‘Women’s Faith 2 v Man’s Faith 0‘
Ever felt like you were getting the rough end of someone else’s special treatment? Or that you and a colleague/friend/sibling could do the same things wrong, but only you would get in trouble?
I wonder if Zechariah raised an eyebrow when God responded in very different ways to the lack of faith shown by him and Mary.
Compare verse 18 with verse 34:
“Zechariah asked the angel [Gabriel], “How can I be sure of this? I am an old man and my wife is well along in years.”
“How will this be,” Mary asked the angel [Gabriel], “since I am a virgin?”
Zechariah’s unbelief led to him being struck mute for the entire length of Elizabeth’s pregnancy, while Mary received only reassurances.
But if Zechariah DID raise an eyebrow, it probably wasn’t for long. He was aware that God knew his heart, and Mary’s heart. He would have recognised that there was closer to a refusal to believe in his own heart, and more of a bewilderment in Mary’s. Zechariah – it seems – believed it couldn’t happen (because he and Elizabeth been trying for many years without success), whereas Mary didn’t understand how it could happen (because she and Joseph had not yet had sex).
When Elizabeth and Mary greeted each other, Zechariah’s wife even managed a brief dig at him; not, presumably, in a malicious way, but fairly blatant:
“Blessed is she who has believed that the Lord would fulfil his promises to her!” (Luke 1:45).
The old priest’s unfavourable comparison with the betrothed young lady and his own wife doesn’t end there. Sometimes when I read these verses I wish the disciples knew the story and wrote it down earlier. Maybe then they could have read it to themselves and pondered just how aware Elizabeth and Mary were about the child Mary was carrying, versus the disciples’ persistent thick-headedness over Jesus’ entire three year ministry.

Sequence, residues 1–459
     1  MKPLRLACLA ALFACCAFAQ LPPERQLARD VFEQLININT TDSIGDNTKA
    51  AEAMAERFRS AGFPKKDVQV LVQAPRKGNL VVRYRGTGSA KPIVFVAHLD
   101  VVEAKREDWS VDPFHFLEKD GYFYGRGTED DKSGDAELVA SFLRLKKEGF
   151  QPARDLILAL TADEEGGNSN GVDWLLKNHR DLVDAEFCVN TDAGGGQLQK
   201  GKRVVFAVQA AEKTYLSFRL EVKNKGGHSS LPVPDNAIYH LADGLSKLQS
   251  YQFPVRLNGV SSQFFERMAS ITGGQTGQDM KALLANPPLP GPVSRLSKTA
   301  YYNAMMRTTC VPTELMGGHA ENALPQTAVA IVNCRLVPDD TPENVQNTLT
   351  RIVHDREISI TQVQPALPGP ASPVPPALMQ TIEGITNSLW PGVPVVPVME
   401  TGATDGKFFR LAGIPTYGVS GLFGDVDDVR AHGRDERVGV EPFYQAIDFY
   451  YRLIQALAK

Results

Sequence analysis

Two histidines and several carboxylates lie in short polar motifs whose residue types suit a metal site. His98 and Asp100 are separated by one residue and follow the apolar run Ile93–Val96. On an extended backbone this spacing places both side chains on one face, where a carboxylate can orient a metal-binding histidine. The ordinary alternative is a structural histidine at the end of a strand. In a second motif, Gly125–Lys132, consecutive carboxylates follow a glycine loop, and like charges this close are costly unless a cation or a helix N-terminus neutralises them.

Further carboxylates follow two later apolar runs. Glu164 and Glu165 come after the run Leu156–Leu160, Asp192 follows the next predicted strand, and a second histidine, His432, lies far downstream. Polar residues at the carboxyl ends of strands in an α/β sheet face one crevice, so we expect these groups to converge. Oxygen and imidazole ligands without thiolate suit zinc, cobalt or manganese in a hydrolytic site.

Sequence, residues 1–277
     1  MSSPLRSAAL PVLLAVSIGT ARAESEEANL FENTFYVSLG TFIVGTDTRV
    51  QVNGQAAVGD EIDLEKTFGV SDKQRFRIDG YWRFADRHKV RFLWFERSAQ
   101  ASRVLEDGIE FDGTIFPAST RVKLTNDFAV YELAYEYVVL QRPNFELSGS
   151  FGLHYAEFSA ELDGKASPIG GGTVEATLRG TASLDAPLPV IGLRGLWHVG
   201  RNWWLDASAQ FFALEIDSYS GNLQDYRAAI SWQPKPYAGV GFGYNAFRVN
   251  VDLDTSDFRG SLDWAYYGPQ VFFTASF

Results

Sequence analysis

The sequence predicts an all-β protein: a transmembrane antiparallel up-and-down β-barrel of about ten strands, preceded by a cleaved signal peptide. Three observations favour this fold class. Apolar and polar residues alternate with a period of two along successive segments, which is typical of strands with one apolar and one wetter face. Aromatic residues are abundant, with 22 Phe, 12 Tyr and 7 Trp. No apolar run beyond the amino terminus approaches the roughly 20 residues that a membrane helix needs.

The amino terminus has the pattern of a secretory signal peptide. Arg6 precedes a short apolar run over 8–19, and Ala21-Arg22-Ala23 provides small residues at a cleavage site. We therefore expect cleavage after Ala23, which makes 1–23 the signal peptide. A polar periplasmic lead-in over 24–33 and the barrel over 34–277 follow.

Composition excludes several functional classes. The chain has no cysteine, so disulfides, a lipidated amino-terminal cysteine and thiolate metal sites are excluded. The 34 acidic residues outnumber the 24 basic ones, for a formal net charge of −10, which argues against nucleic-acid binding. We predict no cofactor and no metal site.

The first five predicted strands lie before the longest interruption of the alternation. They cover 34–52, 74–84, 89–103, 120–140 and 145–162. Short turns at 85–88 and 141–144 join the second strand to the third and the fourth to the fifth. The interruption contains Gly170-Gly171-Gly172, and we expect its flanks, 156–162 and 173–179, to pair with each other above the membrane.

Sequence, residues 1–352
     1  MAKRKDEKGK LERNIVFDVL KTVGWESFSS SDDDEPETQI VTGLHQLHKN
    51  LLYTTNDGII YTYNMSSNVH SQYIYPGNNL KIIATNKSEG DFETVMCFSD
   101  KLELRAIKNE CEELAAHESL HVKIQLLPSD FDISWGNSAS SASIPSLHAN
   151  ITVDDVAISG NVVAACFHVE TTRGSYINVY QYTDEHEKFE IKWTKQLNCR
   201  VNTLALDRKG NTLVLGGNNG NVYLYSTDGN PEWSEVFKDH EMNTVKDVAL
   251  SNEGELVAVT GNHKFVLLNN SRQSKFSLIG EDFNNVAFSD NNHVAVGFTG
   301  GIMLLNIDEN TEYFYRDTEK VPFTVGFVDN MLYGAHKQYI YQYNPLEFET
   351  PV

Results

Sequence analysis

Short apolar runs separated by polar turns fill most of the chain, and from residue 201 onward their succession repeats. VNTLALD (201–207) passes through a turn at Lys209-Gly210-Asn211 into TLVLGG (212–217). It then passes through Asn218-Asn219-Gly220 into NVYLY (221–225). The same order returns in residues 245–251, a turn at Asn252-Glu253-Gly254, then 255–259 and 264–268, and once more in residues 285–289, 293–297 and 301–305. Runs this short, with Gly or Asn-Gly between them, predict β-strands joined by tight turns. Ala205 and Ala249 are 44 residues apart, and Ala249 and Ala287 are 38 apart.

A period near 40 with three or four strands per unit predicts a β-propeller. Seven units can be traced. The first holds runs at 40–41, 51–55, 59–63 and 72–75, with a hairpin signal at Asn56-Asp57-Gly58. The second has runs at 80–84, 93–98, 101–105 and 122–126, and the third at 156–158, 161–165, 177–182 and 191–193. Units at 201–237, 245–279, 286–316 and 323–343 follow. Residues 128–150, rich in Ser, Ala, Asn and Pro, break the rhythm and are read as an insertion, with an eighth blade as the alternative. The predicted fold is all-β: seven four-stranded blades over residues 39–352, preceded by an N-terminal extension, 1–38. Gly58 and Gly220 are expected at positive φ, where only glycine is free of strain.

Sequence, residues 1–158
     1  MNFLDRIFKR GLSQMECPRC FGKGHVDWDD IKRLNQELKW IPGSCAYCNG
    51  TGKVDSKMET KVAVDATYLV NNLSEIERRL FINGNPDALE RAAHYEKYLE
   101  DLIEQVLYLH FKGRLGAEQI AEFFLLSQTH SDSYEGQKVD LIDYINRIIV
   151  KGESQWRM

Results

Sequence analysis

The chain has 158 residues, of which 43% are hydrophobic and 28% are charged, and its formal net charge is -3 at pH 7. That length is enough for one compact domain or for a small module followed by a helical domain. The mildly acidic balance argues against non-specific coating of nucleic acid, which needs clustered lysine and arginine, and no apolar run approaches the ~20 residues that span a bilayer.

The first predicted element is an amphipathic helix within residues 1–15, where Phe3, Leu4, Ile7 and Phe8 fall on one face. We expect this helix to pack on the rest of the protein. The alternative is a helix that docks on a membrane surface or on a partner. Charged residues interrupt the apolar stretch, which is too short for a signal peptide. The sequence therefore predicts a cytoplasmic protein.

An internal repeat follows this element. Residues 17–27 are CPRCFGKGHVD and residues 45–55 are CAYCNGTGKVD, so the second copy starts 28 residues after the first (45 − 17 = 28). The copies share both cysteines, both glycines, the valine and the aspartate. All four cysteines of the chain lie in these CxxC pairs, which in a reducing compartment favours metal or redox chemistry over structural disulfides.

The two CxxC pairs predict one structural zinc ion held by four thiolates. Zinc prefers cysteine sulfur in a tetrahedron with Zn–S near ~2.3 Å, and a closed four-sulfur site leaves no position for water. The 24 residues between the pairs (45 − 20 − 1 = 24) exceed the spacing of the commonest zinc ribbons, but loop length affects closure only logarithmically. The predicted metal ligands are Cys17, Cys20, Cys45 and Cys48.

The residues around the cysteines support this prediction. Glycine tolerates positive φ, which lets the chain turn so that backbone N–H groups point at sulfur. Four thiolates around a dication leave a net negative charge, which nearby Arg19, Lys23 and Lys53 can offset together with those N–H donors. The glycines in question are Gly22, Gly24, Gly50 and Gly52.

Compare the incredible prophecy to Mary in v.31-33, with her words in v.38. Not excitement at an elevation (because she isn’t elevated, merely highly blessed), and a desire that God’s Word would come to pass.
Then in v.41-43, Elizabeth – unlike her husband – was filled with the Holy Spirit, and knew exactly who Mary was carrying: “my Lord” (v.43).
To see the women with a more clear understanding of Jesus, and more faith in him, was a pattern that would repeat itself after Jesus died, and when he rose. The men anxious yet skeptical, but the women faithful and understanding, accepting God’s Word.
God wasn’t overturning ecclesiastical leadership structures or the headship of men in the home, but he was charting for his people a hard course away from the ungodliness of a Pharisaical, patriarchal structure that valued, esteemed and trusted women less than men.
Mary is not to be venerated and cannot be prayed to because she can’t hear you. But she and Elizabeth are worthy of enormous respect and honour as women who trusted God with a wholeheartedness and gratitude that we should aspire to.